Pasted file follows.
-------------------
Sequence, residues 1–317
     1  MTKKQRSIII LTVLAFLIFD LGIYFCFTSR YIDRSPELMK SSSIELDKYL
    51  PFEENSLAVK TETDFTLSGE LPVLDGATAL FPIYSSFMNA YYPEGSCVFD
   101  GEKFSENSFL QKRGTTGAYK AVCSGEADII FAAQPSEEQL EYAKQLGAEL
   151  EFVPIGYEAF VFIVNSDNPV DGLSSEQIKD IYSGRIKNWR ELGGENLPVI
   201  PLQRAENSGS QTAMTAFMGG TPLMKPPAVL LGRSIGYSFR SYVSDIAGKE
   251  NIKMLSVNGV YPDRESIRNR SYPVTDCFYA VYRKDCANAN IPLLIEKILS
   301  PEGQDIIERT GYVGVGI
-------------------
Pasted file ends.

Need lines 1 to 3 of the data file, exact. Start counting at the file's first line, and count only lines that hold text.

Sequence, residues 1–317
     1  MTKKQRSIII LTVLAFLIFD LGIYFCFTSR YIDRSPELMK SSSIELDKYL
    51  PFEENSLAVK TETDFTLSGE LPVLDGATAL FPIYSSFMNA YYPEGSCVFD